Working for logical immigation reform based on a stable population, a recognition of the finite nature of our natural resources and the adverse impact of continued growth on our quality of life, standard of living, national interest, character, language, sovereignty and the rule of law. Pushing back and countering the disloyal elements in American society and the anti-American rhetoric of the leftwing illegal alien lobbies. In a debate, when your opponents turn to name calling, it's a good sign you've already won.

Saturday, May 8, 2010

Is Profiling Racist?

A new commenter at "Immigration Talk with a Mexican American" (ITWAMA), tried to contest my comment about Racial Profiling. I wrote that racial profiling is not a form of racism; racial profiling merely takes cognizance of the characteristics of illegal aliens to enable law enforcement to narrow its search and focus its limited resources on the the larger group consisting of their ethnic brethren because that is where they are most likely to be found rather than within other disparate populations.

The commenter wrote, " [racial profiling] presupposes that qualities attributed to a subset of a larger group are true of the group as a whole." Obviously,this statement is false. No such presupposition is involved in profiling. Quite the opposite in fact; racial profiling seeks to narrow the search by using the characteristics of the illegals to limit the search to the population that possesses those characteristics.

The commenter illustrates this with the following: "An example of such flawed reasoning is this: All professional baseball players are men, therefore all men are professional baseball players. Obviously this statement is absurd."

That much we can agree on but she uses the wrong example.

The appropriate example is: If all professional baseball players are men, to find professional baseball players, one should focus his or her efforts on the male population not on the entire population.

The commenter also errs in concluding that focusing on the male population signals a belief that all men are professional baseball players. That is the absurdity that she overlooks.

The commenter then applies this false example of profiling to illegal aliens writing, "All illegal immigrants are Hispanic (which is debatable) therefore all Hispanics are illegal immigrants."

She then concludes,"That is what racial profiling is. It is based on racist ideology and is therefore racist. You cannot separate the two."

I'm not surprised that she believes "racial profiling" is "racist." But she is wrong on all counts. The word "racial" should be eliminated from the term "racial profiling" because profiling in general can be based on many different factors, not just race. The word "racist" has been used so frequently by those who cannot marshal a more compelling argument that its real meaning has been lost. In such circumstances, I tend to consult my dictionary. That the commenter is wrong is obvious from the following definitions:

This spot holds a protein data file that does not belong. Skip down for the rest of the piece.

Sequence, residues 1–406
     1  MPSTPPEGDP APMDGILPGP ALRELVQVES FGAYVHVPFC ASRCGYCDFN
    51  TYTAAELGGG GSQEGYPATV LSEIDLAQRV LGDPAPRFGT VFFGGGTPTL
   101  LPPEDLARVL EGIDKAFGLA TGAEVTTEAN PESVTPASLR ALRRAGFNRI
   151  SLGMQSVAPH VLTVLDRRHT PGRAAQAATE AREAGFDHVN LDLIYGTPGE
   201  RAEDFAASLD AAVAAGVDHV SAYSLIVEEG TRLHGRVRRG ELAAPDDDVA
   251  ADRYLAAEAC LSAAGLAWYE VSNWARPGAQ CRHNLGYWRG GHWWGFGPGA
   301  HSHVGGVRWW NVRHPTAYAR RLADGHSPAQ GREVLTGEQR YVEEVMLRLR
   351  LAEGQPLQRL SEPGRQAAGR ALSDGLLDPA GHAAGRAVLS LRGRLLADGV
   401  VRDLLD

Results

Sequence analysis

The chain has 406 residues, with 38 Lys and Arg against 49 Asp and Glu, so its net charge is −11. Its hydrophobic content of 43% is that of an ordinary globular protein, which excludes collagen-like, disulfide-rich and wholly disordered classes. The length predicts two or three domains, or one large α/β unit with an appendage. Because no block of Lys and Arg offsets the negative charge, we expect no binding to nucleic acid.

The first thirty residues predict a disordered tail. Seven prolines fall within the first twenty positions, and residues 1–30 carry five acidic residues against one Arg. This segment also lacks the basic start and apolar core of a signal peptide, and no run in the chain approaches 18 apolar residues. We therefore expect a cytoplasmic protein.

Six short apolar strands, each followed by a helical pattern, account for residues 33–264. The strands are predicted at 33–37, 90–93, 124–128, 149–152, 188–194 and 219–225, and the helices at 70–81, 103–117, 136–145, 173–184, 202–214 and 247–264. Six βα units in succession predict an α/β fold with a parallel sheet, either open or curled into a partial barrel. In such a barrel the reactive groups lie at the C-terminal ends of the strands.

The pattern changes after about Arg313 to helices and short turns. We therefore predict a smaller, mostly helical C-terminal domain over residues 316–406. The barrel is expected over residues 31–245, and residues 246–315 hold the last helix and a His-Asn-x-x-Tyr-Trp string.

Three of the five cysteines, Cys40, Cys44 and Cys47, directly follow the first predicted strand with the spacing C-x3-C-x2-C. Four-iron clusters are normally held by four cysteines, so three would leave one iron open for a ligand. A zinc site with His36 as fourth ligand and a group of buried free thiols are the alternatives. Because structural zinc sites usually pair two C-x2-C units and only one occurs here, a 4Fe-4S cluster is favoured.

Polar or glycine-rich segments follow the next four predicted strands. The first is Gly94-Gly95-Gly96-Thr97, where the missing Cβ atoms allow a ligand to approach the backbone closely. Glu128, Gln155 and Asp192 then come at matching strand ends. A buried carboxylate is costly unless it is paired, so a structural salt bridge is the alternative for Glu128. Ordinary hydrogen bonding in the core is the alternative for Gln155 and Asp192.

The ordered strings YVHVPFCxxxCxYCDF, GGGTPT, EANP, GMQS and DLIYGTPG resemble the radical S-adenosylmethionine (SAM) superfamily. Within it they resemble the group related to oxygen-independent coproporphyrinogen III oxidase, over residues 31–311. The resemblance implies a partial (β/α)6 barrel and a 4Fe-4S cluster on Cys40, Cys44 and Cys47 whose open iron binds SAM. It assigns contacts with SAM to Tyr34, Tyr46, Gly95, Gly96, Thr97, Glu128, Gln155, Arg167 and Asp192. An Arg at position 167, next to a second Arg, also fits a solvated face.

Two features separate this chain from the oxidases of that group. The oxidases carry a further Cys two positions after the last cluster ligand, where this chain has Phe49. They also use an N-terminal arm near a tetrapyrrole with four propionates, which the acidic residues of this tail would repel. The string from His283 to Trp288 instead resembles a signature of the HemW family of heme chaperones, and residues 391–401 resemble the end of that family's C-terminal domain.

Racism-- "(1)an excessive and irrational belief in or advocacy of the superiority of a given group, people, nation, usually one's own on the basis of racial differences having no scientific validity.(2) Social action or government policy based on such assumed differences."

Racial profiling -- "the inclusion of racial or ethnic characteristics in determining whether a person is considered likely to commit [or have committed] a particular type of crime or an illegal act or is likely to behave [have behaved] in a "predictable" manner. It is often confused with the more comprehensive offender profiling and has been perceived to be directed most often toward non white individuals. The practice became particularly controversial toward the end of the 20th century in the United States, as the potential for abuse by law enforcement came to light."

Racial profiling is not based on an excessive and irrational belief in the superiority of one race or group. It is based on the idea that if one can identify one or more characteristics of the illegal aliens, the search for them can then be narrowed to the more limited population of only those who possess these characteristics.

The same logic is used by computer software and search engines to quickly locate a particular piece of information. For example, it one were looking for a particular email, by inserting a keyword or phrase, the search looks only for the messages that contain that keyword or phrase, rather than all messages. This is a form of profiling and search engines would be totally ineffective if they could not use this technique to quickly narrow the search.

It is unfortunate that some people use distortions or their own definitions to try to prove their point when perfectly good and valid definitions are readily available in the dictionary or on line. If one is a student of logic, then it is incumbent upon him or her to use it correctly.

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